I made a copy of the letter I received from Glen Avon and posted it prominently in the church for all to see.  In response, some folks were angry. Not that lies had been spread, but that the lies were soundly disproved. And of course, there was no apology.

I heard it through the grapevine, so it must be true. We need to shed some light on this subject and try to somehow discover what is pleasing to the Lord. Historically that has at times meant finding out who needs to be burned at the stake for their sinful ways – under the misguided illusion that God should be pleased when we rise to the defense.

But the Supreme Deity of the universe, the Almighty, the Great I AM never asks us to play the defense. That illusion is born of limited thinking which portrays God in our image rather than the other way around. The task we are called to is live as children of light – to expose the darkness – to be wise.

The question is “How?” How do we in the midst of so much information and disinformation find the light of truth? How do we in fact nurture wisdom? The how is especially important because where we think the light of truth is to be found will influence how we seek to live in the light.

Some stories are so preposterous that once they are in the grapevine, they just have to run their course. If you want to believe what you hear, then be careful to what or to whom you listen. If we claim to be followers of Christ, then we have to be smart.

When I lived in Clarion the story was told that I had been “Kidnapped by a Gang of Mexicans.” I was able to trace the story to its original source, which was a woman who lived across the street from the church and who saw the world filtered through the gauze of her front window curtain.

It was a warm day in July when the local butcher called me and said he had processed two hundred pounds of ground beef. The community food pantry was located in the church I served, and we had a freezer into which we could put the hamburger.

I called a guy I knew with a pick-up truck who was a migrant farm worker. He came over to the church with the truck and three or four guys. They came in for a minute and then we all went out and I piled into the back of the truck with some of the other guys and we drove away.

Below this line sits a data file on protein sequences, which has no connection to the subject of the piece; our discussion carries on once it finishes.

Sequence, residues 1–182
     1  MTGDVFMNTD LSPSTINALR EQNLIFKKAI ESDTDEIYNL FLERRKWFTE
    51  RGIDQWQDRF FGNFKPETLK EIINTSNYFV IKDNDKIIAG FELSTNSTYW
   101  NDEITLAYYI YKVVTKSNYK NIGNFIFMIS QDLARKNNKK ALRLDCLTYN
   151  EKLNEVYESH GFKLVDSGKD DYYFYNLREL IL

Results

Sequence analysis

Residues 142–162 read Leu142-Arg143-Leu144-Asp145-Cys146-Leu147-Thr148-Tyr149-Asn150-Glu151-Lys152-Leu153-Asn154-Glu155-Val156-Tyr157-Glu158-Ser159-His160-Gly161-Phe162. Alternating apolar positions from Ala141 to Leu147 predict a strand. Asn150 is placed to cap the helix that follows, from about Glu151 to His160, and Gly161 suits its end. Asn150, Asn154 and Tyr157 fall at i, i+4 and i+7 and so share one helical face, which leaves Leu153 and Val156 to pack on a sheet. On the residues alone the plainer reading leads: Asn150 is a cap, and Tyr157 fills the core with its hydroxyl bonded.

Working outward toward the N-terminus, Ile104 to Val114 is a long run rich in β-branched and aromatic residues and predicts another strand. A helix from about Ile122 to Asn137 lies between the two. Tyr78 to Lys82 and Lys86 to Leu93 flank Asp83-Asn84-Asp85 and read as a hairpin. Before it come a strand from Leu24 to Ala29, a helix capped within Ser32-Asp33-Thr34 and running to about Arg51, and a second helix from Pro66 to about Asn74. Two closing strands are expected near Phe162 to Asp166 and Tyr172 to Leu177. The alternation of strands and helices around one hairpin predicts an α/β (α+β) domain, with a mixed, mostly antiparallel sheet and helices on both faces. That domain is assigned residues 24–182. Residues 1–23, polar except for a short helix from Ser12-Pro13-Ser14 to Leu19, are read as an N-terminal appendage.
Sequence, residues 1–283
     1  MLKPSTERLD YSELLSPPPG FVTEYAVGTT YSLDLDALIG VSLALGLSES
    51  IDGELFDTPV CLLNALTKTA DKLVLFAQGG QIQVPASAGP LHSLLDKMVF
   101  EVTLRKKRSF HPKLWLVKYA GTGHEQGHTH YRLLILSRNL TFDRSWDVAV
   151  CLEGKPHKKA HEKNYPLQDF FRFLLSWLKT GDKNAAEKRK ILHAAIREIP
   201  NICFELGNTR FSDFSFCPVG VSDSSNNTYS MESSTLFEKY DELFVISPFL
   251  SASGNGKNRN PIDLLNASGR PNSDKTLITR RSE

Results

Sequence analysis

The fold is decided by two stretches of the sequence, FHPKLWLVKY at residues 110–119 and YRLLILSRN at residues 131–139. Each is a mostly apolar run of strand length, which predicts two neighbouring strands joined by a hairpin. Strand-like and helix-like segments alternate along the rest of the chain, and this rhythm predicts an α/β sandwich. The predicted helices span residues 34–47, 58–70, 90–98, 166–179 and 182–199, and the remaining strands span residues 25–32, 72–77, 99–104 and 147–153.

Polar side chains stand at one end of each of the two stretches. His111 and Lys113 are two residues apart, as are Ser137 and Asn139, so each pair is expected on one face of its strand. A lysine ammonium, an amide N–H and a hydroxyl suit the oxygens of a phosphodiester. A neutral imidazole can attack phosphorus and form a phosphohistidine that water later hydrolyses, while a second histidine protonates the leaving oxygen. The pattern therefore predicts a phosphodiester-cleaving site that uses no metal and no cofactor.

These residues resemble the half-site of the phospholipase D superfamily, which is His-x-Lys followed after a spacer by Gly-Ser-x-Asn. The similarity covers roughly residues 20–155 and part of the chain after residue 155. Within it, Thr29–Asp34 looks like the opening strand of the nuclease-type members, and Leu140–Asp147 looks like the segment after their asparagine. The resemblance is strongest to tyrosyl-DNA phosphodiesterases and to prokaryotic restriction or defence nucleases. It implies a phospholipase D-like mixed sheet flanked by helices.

A woman who lived across the street saw this. She was what in Scotland we would call a “curtain-twitcher.” She reported to her bridge club that afternoon that the minister had been “kidnapped” by a “gang” of “Mexicans.” If that had been accurately true, she didn’t call the police. Her truth was simply the preferred version of events as told by a bigot.

Sometimes we do well to ask ourselves, “What is it I want to believe in this scenario? Is this a truth of light or is this a truth of darkness?”

So, we may need to remind ourselves from time to time that a light needs to be switched on – the light of wisdom and the light of truth. What that light reveals may surprise us, and it may be a more difficult truth to embrace than the easy assumptions formed in the dark corners of ignorance. But we must live as children of light.

I will leave you with this final word I heard through the grapevine –

“Although I may spend all my days with disjointed relationships around and conflicts within me, I believe in ultimate reconciliation.         

I believe in the reconciling of all things through the grace of Christ.

Personal relationships shall not remain locked in alienation forever.

Misunderstanding and suspicion shall not always subvert openness.

Resentment and revenge shall not prevail over forgiveness.

Tyranny and exploitation, shall not perpetually trample on justice

Violence, terrorism and war, shall not always outgun peace.

Carelessness and apathy shall not forever diffuse compassion.

Personal and political deceits shall not overwhelm integrity.

Prejudice and discrimination and shall never strangle goodwill.

Graft and corruption shall not put paid to honour and trust.

Ignorance and blind dogmatism shall not finally divide and rule over truth.

I believe in peace.                              

I believe in grace.

I believe in love.

I believe in God.

Because I believe in Christ, I believe that love will have the last word.” (Bruce Prewer)